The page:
Somali Youth: Too divided to contribute to nation building

By Adan Bulale

If you are in Mogadishu, it is most likely that you have participated in a Youth forum, whereby they usually invite an elder, from who they can take notes of wisdom and experience.

Whenever an old man attends and gets the chance to speak at such youth gatherings, he always poses a question. A familiar one- he asks the youth, what the reason behind their idleness is. The old people always ask the youth in attendance why they are settling for less than what the 13 SYL youth league members who championed for the independence of country settled for.

The Somali Youth League was a group of self-created freedom fighters who fought against the Italian colony in many ways, whether it was poetry and or direct fight. They never had any university degrees let alone, modern technology but they managed to leave an unforgettable legacy behind them. The modern youth have all kinds of opportunities and privileges that their previous counterparts didn’t get; be it modern education, vibrant social media but they nonetheless fall short of what SYL achieved.

I have been trying to dig more into the root causes of divisions amongst the Somali youth. What is holding them back include: Local vs Diaspora, tribalism, and regional disorientation.


The most damaging division relates to Local vs. Diaspora. In 2012, when the government forces pushed Al-Shabaab out of the city, and the breeze of peace swept through Mogadishu, many diaspora Somalis came to the city. They started businesses, occupied important government positions from District Commissioner to the President. It is believed that four out of every five advisors in the government have foreign passports. This has further created inequality.

The locals are always hustling, they are unemployed or suffering from underpayment or poor working conditions, whilst on the other hand, diasporas don’t worry about primary needs as they have been registered for social security benefits in their countries of emigrational settlements, whereby at the end of each month they collect their welfare, they have a good time to think of a business to invest into or well-paying government jobs to land on, and they don’t settle for something less.

More often than not, the Diaspora come back with high expectations. They always compare Somalia with the countries they come from, expecting universities to have high quality producing agile and high-skilled graduates. It is like expecting contemporary Afghanistan, Iraq, Syria, and Libya to have high ranked universities, or expecting everything good from a country that you have run away for your own safety. They always utter remarks that annoy the locals, question their talents and competence, calling them utterly inept.


However, the grass is not any greener on the other side as it seems the locals have been sucked into the political chaos of the country. They don’t invest in themselves enough to compete against their counterparts in the global world. They run for political positions so early that they don’t meet the threshold of those offices, apply for jobs whose basic requirements and specifications they don’t meet.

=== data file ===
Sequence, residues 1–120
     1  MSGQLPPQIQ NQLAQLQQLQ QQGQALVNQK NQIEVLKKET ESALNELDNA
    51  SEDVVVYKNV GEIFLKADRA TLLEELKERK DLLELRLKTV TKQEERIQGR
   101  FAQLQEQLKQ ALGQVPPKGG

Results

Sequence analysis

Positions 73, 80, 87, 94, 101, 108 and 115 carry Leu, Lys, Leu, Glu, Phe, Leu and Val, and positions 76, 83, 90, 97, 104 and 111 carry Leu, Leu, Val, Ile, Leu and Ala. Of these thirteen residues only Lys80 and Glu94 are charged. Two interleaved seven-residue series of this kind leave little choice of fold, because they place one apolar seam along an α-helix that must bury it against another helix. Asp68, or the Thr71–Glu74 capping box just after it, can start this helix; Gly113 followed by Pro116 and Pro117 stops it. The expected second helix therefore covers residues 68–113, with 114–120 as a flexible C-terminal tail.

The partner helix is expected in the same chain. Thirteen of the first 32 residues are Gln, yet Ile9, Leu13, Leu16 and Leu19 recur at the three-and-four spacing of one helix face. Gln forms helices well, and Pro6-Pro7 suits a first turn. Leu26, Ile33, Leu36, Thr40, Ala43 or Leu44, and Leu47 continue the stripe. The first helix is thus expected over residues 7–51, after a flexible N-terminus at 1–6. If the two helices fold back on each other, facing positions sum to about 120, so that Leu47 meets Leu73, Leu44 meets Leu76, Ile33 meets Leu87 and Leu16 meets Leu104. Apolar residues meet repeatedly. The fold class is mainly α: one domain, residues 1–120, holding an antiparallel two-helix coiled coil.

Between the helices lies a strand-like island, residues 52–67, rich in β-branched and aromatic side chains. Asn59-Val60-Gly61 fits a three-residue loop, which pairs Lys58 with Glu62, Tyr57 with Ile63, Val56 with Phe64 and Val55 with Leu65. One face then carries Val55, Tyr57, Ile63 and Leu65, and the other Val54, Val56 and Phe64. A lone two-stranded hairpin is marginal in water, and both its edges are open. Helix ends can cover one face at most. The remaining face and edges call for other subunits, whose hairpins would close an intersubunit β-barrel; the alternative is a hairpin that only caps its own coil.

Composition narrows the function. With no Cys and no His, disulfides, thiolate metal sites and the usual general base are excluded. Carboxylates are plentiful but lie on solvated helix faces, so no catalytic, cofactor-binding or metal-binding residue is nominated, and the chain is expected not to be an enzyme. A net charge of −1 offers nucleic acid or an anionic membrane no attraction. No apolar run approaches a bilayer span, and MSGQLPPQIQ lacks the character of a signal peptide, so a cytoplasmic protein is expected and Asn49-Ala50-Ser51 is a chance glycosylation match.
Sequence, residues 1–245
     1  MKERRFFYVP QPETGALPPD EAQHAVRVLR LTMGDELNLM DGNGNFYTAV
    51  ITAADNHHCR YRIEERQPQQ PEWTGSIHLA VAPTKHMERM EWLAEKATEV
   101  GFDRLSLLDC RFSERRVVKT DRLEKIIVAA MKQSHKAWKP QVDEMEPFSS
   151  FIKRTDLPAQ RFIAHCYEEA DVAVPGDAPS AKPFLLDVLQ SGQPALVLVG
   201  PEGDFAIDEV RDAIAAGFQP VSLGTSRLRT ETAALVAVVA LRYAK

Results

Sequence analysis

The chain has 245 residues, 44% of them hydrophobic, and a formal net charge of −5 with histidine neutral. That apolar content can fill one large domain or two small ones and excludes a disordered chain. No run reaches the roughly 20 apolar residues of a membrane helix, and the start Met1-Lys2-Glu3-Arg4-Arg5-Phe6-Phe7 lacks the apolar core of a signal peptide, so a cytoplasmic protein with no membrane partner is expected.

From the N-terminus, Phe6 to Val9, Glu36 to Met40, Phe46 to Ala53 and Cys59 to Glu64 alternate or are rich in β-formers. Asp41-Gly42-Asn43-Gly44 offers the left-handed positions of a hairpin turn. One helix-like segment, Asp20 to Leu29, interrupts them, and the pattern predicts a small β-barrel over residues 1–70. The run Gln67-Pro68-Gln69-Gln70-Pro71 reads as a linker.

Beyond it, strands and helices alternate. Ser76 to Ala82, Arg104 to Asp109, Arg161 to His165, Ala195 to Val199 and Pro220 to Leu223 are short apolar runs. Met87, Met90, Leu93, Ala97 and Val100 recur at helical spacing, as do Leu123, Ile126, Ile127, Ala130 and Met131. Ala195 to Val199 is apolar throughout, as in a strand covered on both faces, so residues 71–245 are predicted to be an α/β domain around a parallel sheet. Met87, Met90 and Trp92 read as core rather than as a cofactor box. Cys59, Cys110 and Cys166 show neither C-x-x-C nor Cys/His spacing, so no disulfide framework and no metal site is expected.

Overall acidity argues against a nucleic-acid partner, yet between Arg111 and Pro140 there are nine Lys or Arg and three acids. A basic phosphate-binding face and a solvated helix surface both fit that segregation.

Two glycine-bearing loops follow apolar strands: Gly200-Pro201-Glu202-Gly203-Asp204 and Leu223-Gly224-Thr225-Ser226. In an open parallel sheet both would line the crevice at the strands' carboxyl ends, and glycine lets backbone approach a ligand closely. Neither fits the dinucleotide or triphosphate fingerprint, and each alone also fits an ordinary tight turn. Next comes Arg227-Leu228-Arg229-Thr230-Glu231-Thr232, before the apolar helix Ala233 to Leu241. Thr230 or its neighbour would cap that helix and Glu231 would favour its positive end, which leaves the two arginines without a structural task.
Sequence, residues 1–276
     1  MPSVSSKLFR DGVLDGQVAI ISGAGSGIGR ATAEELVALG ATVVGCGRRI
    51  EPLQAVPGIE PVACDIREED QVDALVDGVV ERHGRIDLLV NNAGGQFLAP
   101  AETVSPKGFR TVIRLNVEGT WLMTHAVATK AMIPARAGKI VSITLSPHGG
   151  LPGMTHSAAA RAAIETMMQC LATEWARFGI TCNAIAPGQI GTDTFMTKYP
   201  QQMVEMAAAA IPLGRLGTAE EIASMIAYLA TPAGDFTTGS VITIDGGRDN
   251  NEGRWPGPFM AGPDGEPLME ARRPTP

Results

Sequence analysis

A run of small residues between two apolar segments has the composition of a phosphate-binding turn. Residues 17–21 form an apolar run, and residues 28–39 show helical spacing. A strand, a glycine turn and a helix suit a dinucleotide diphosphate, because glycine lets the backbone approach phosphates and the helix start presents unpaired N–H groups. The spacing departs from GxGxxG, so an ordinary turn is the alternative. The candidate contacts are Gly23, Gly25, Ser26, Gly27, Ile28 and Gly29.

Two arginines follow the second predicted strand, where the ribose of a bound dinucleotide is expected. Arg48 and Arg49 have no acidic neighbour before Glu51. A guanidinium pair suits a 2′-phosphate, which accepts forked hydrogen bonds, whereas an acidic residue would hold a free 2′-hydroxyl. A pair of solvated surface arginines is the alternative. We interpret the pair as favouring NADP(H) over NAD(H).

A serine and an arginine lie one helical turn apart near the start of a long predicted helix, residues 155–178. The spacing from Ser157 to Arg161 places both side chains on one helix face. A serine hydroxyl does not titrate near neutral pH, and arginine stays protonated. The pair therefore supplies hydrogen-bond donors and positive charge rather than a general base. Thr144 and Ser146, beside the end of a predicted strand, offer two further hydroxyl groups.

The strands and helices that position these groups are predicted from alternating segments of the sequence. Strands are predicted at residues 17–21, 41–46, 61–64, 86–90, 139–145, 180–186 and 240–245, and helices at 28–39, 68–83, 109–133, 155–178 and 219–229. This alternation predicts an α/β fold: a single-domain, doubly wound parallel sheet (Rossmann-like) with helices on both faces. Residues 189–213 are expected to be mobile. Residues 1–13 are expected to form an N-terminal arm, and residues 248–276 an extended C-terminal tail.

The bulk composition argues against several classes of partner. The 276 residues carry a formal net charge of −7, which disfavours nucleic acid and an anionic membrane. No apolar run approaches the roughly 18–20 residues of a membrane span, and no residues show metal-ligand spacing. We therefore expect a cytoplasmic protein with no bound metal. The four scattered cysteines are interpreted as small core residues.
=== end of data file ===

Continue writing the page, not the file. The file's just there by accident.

To put it bluntly, few of them can truly reflect a true image of the degree credentials they are claiming to own. Some of them establish so-called universities in small rented houses and give degrees to other youth. Suffice to say that in the country especially in Mogadishu alone, there are 50+ universities, but only very few of them can meet the set standards. Unfortunately, most of the youth prefer to join those universities which satisfy their greed, those which don’t demand much commitment. In short, they don’t want to pay the price for quality university education.


In addition, tribalism is another key device of divisions among the Somali youth. They say a person should be loyal to their clan.  Somalia is one of the countries in the world where the clan is the only Social insurance system the person can rely on. There are indeed many youth who got schooled by a clan’s contribution and later when they got their degrees, it was the same clan that gave them their first job.

But still there are youngsters who single-handedly managed their life, paid their university fees, and finally managed to get a job on their own, but still, they are too attached to their clan. It is like applying the famous Somali proverb that, “no preacher will walk into paradise alone without his clan” which means a person can only be with his clan whether they go to hell or heaven.

We notice that during elections, you can tell the clan of the person only from his favorite candidate or his tweets and posts on social media platforms. It is not surprising to see youth coming from other regions of the country into Mogadishu for jobs or education, one thing in common is to hang out with the ones from the same region who technically are from the same clan as they, too.

In conclusion, Somalia is in post-conflict recovery mode. Sadly, though the largest part of the society-youth are divided and often used as political tools. Somali youth both local and those in the diaspora can do better. They should work together collectively for the betterment of their country. The contemporary Somali youth should use the tribalism and regionalism isms for positive energy forces; building schools, libraries, and other useful initiatives in their respective cities and regions. Lastly but not the least, both the Federal Government and Federal member states’ youth Ministries should create a support system to help youth be part of Somalia’s path to fruitful recovery and development.

Adan Bulale is a digital media guru, Citizen Journalist, and Blogger based in Mogadishu. You can reach him at or through his Twitter: @AdanBulaale


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